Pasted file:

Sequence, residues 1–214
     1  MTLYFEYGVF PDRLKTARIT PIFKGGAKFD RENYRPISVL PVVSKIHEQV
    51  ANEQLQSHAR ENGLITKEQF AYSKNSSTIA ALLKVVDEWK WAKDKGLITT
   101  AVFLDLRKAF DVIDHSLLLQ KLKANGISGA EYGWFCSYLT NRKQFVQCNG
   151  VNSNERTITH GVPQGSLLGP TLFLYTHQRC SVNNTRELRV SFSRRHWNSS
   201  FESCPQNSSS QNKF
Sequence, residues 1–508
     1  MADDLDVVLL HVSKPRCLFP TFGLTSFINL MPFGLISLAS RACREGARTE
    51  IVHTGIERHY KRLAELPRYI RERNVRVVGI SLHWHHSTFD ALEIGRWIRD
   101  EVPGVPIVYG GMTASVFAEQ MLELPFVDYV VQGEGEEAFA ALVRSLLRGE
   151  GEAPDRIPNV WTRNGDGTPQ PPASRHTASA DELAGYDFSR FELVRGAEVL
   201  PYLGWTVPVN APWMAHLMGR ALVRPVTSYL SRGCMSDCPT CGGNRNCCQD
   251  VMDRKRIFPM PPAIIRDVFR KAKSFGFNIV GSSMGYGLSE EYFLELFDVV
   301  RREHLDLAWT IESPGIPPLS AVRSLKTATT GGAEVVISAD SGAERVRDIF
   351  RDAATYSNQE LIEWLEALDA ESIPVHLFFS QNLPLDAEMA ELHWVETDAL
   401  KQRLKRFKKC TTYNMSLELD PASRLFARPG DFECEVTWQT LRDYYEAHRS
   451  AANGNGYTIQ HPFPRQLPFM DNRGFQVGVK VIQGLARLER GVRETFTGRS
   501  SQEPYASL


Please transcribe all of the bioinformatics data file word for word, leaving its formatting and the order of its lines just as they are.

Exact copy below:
Sequence, residues 1–214
     1  MTLYFEYGVF PDRLKTARIT PIFKGGAKFD RENYRPISVL PVVSKIHEQV
    51  ANEQLQSHAR ENGLITKEQF AYSKNSSTIA ALLKVVDEWK WAKDKGLITT
   101  AVFLDLRKAF DVIDHSLLLQ KLKANGISGA EYGWFCSYLT NRKQFVQCNG
   151  VNSNERTITH GVPQGSLLGP TLFLYTHQRC SVNNTRELRV SFSRRHWNSS
   201  FESCPQNSSS QNKF
Sequence, residues 1–508
     1  MADDLDVVLL HVSKPRCLFP TFGLTSFINL MPFGLISLAS RACREGARTE
    51  IVHTGIERHY KRLAELPRYI RERNVRVVGI SLHWHHSTFD ALEIGRWIRD
   101  EVPGVPIVYG GMTASVFAEQ MLELPFVDYV VQGEGEEAFA ALVRSLLRGE
   151  GEAPDRIPNV WTRNGDGTPQ PPASRHTASA DELAGYDFSR FELVRGAEVL
   201  PYLGWTVPVN APWMAHLMGR ALVRPVTSYL SRGCMSDCPT CGGNRNCCQD
   251  VMDRKRIFPM PPAIIRDVFR KAKSFGFNIV GSSMGYGLSE EYFLELFDVV
   301  RREHLDLAWT IESPGIPPLS AVRSLKTATT GGAEVVISAD SGAERVRDIF
   351  RDAATYSNQE LIEWLEALDA ESIPVHLFFS QNLPLDAEMA ELHWVETDAL
   401  KQRLKRFKKC TTYNMSLELD PASRLFARPG DFECEVTWQT LRDYYEAHRS
   451  AANGNGYTIQ HPFPRQLPFM DNRGFQVGVK VIQGLARLER GVRETFTGRS
   501  SQEPYASL